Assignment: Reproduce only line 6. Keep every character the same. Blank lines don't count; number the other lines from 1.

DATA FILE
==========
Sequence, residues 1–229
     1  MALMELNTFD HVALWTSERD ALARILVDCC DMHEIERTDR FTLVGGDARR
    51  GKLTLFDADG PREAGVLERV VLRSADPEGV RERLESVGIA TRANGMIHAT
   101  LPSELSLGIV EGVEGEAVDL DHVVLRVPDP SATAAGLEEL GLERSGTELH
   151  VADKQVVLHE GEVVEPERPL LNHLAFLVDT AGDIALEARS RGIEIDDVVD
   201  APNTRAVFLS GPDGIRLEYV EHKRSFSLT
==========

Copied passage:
   201  APNTRAVFLS GPDGIRLEYV EHKRSFSLT